Presentation on theme: "Professor Andrew J Deeks PVC (Science) Durham University."— Presentation transcript:
Professor Andrew J Deeks PVC (Science) Durham University
Accessibility, sustainability, excellence: how to expand access to research publications Report released18 June 2012 Key recommendations ◦ a clear policy direction should be set towards support for publication in open access or hybrid journals, funded by APCs, as the main vehicle for the publication of research, especially when it is publicly funded; ◦ the Research Councils and other public sector bodies funding research establish more effective and flexible arrangements to meet the costs of publishing in open access and hybrid journals.
Most people outside the HE sector and large research-intensive companies do not have ready access to research and its results. The issue addressed is how to expand and improve access to research publications for the benefit of all who have a stake or an interest in research and its results. The principle that the results of research that has been publicly funded should be freely accessible in the public domain is “a compelling one, and fundamentally unanswerable”.
Willets, July ◦ “We are firmly committed to improving access so the Government accepts the proposals in your report, except for one specific point on VAT.” ◦ “… current VAT rules agreed at EU level preclude a reduced or zero rate for e-journals.” ◦ “We recognise that whilst Open Access (OA) means free access to the user and full right of search, it does not follow that OA has no cost.” ◦ “Support for publicly funded research institutions will be needed to pay the cost of APCs this funding will will (sic) come out of existing research funds.”
New policy on access to research outputs Peer reviewed research papers which result from research that is wholly or partially funded by the Research Councils: ◦ 1. must be published in journals which are compliant with Research Council policy on Open Access. ◦ 2. must include details of the funding that supported the research, and a statement on how the underlying research materials – such as data, samples or models – can be accessed.
The RCUK will recognise a journal as being compliant with their policy on Open Access if: ◦ 1. The journal provides via its own website immediate and unrestricted access to the publisher’s final version of the paper, and allows immediate deposit in other repositories without restriction on re-use. This may involve payment of an ‘Article Processing Charge’ (APC) to the publisher. (GOLD) ◦ 2. Where option 1 is not provided, the journal must allow deposit of papers in other repositories, within a defined period (12 months for AHRC and ESRC, 6 months for all others). (GREEN) RCUK preference is for Gold open access, but that where a journal offers both Gold and Green the choice lies with the researcher and his/her institution (clarified at RCUK w/shop 13 Nov)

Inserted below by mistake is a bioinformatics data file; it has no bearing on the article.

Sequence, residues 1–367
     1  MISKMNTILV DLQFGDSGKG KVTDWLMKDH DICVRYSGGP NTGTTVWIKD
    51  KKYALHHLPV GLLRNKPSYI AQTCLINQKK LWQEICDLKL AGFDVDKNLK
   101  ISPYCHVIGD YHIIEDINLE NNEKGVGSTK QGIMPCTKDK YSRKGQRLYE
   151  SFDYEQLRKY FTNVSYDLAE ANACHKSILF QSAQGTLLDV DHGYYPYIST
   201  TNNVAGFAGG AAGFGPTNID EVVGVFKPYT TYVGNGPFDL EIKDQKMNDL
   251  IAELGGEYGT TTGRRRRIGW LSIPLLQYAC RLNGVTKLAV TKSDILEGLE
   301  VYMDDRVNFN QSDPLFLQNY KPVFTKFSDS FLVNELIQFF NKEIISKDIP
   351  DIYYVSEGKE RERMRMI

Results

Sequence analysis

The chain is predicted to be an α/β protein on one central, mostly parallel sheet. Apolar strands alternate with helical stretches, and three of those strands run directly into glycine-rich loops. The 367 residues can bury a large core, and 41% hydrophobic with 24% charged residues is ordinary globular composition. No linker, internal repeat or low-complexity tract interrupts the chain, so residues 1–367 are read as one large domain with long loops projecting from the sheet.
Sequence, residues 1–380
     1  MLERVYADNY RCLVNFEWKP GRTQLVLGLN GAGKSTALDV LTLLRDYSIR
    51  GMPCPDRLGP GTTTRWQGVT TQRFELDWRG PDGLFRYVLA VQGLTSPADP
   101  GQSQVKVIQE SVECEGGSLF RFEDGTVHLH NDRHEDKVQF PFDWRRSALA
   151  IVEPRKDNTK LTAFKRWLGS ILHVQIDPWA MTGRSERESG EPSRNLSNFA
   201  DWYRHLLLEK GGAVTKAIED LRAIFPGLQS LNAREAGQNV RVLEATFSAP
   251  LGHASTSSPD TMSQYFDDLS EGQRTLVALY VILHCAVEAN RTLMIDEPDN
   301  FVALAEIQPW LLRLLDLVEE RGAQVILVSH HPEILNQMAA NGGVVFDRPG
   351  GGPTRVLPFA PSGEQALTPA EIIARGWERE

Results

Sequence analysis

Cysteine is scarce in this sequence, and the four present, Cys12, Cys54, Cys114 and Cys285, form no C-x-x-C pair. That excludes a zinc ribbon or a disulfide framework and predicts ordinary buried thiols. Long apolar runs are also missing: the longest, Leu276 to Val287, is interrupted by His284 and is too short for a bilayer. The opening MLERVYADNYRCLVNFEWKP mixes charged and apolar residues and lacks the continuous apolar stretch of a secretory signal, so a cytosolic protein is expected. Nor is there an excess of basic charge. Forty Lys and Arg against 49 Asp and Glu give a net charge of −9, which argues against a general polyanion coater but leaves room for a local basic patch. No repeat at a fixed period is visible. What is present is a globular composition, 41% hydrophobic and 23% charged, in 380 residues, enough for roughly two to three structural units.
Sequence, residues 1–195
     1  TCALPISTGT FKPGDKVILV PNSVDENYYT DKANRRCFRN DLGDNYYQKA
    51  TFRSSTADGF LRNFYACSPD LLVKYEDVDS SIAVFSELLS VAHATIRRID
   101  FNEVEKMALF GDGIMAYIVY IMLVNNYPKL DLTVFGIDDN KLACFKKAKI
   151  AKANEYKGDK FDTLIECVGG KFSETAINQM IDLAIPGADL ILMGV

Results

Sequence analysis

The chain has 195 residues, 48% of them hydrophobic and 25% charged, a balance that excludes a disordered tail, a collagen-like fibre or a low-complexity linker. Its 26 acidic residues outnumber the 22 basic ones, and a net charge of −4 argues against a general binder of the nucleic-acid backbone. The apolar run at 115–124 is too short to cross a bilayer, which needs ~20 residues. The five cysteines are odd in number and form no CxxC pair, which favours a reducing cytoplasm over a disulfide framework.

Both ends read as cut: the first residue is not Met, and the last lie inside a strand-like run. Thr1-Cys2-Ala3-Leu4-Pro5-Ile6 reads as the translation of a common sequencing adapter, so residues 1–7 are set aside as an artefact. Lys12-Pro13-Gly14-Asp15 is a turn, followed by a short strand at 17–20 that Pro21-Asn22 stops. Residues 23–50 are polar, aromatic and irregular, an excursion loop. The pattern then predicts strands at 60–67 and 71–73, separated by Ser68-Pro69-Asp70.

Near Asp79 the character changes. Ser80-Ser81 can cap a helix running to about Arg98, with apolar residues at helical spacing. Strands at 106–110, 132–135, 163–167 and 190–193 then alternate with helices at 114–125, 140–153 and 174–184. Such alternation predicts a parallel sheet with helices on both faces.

Announced November 8, 2012 Research Councils committed to providing funding for APCs in the long term; funding levels specified from 1 April 2013 to 31 March 2015 ◦ 2013/14 funding provided to enable around 45% of RC funded research papers to be published using Gold OA ◦ Growing to 50% in the second year ◦ By 2017/18 funding is expected to be provided to enable approximately 75% of RC funded research papers to be published using Gold OA. ◦ Remaining 25% expected to be delivered via the Green OA model.
Cost over 5 years estimated at £100m, of a total RCUK research budget of some £11.2b. Grants calculated in proportion to the amount of direct labour costs awarded on grants that they have received over the three years from April 2009 to March 2012 HEIs to administer Minimum grant to any HEI of £10,000
The policy recommended by the Finch report sees a future where Gold publishing is the norm and subscriptions disappear ◦ Only 6% of the worlds research output comes from the UK ◦ I have not found figures for the portion of that research output that comes from un-funded research ◦ How would researchers in developing countries be treated in such a world?
Publishers have indicated that at current APC levels and publication volumes, they would not be able to continue current levels of service without subscription charges On the other hand most UK HEIs are locked into ‘big deal’ subscriptions with the publishers It is unclear how much publishers would lose in lost access charges In the short term this is may be a £100m windfall for the publishers
How will institutions apply the APC block grants? REF post-2014 is likely to require all outputs submitted to be open access. Is Green access likely to stay? If so, could we pressure publishers to provide Green access through their websites (i.e. automatically waive access fees once the embargo period has elapsed) What effect could this have on subscriptions?
Is there a role for intermediaries (e.g. JISC) in managing both the processing of APCs and in managing repositories? What are the consequences of the second part of the RCUK policy requiring “a statement on how the underlying research materials – such as data, samples or models – can be accessed”? What is the view/role of the UK Deans of Science in this debate?